Building Strong Geoscience Departments > Workshops > Developing Pathways to Strong Departments for the Future > Participants and Essays > California State University, Fullerton, Department of Geological Sciences

California State University - Fullerton, Department of Geological Sciences

Diane Clemens-Knott

Professor and Chairwoman
Department of Geological Sciences
California State University, Fullerton


The Department of Geological Sciences at Cal State Fullerton is undergoing something of a renaissance: we have a young faculty (6 untenured; 4 tenured; 1 on-going hire; 1 planned hire), a 4-year-old master's program that's steadily expanding, and a relatively new science lab building. About 5 years ago, we decided on a theme that guides our faculty hires and curriculum design: Quaternary Geology. But despite recent changes, we're holding on to some ideals we hold dear. We're in a University that has always revered teaching excellence and teacher education; hires are made with the understanding that tenure requires excellent teaching. And we're in a college that has as its motto the fostering undergraduate research; in fact, we occupy a special place in the college as the one department that requires an undergraduate thesis...and we've done so for 30+ years. Finally, the new faculty continues the original commitment to field-based education: I estimate that a typical major spends a minimum of 22 weekends in the field, plus one-month of field camp. Virtually all faculty members conduct field-based research, though many are also engaged in lab- or computer-based research.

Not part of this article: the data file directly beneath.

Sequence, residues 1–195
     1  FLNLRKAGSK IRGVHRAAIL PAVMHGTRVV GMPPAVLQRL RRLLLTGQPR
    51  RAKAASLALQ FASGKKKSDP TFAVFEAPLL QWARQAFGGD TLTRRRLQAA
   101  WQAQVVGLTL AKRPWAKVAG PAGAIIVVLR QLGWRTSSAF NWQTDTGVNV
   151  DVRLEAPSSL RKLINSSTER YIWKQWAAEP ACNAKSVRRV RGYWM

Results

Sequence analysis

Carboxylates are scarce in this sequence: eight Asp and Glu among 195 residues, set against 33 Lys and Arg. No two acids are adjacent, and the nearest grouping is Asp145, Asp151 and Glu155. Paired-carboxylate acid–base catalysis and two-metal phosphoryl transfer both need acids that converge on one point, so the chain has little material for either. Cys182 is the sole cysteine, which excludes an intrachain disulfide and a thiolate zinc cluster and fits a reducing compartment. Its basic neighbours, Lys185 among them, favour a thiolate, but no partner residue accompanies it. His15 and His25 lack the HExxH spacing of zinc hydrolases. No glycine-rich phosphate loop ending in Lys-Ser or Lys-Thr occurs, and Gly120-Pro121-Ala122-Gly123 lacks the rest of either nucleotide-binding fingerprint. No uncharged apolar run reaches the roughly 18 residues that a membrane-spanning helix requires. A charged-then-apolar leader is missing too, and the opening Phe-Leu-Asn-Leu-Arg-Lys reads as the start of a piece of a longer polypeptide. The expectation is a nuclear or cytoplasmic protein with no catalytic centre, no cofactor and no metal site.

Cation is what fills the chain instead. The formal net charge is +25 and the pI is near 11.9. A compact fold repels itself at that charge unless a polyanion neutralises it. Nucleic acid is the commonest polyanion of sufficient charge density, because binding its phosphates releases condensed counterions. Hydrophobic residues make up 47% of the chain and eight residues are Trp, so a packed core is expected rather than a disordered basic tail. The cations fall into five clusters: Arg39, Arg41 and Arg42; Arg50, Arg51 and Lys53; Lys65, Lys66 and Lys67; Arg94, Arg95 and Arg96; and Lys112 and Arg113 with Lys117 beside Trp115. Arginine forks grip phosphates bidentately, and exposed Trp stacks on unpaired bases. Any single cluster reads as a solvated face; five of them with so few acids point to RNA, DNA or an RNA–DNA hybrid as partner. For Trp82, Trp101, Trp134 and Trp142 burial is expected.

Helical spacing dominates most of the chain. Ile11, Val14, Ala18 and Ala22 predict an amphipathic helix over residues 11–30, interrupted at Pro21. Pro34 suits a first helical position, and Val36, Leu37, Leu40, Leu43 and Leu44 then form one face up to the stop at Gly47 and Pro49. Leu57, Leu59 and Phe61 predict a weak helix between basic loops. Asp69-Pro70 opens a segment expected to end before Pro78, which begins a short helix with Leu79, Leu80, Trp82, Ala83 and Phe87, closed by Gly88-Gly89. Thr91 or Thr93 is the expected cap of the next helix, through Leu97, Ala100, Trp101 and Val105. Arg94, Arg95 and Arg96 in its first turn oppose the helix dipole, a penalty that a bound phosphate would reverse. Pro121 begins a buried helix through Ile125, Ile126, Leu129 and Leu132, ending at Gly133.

The students have a wonderful camaraderie. While this is, of course, their own accomplishment, there are a number of ways the department supports their solidarity. The field- and lab-intensive curriculum provides lots of time for student interaction. In particular, the Introduction to Field Techniques-the third class taken by most students-requires 5 weekend trips. By mid-semester the students have bonded, and they'll take most of their remaining coursework together. We provide a student lounge equipped with lockers, networked computers and printers; the club has provided a sofa, refrigerator, and runs an honor snack bar that benefits the entire department. Also, every three years we start a nighttime core sequence-in addition to enabling nontraditional students to earn degrees, the nighttime students appear to bond very strongly. Finally, whenever possible, we pay for students to attend and present at professional meetings and field trips, and encourage their grant writing efforts. Unlike other departments in our college, we have no problems with retention of majors. This may be due to the field-intensive curriculum (with concomitant student bonding), required advisement each semester, and the intense, one-on-one mentoring that accompanies the required student-faculty research. Students know that local employment opportunities abound-in 14 years, I've never known a student to be unsuccessful in finding a career-track geoscience job. Moreover, students, faculty and staff seem to be happy in the department; this seemingly trivial characteristic seems to be a key to our success. But we do have a significant problem with the recruitment of majors: in the early 90's we had 80+ majors, and this number dropped below 30 a few years ago. We're crossing our fingers that an upswing is happening, with the latest count of undergraduate majors at 49. This year we're beginning a substantial recruitment effort that targets CSUF freshman. We developed a series of general-education, lecture-lab courses that we feel are high interest (e.g., Earthquakes and Volcanoes, Dinosaur World) and will be offered in ways that permit freshman first enrollment rights. Important aspects in course design include class size (60 seat lectures-half the size of our Physical Geology lectures-coupled with a required, 30-seat lab; freshman have difficulty getting seats in our impacted Physical Geology lab), a service-learning component (required by Freshman Programs and purported to improve student success in college), and a completely subsidized, weekend field trip.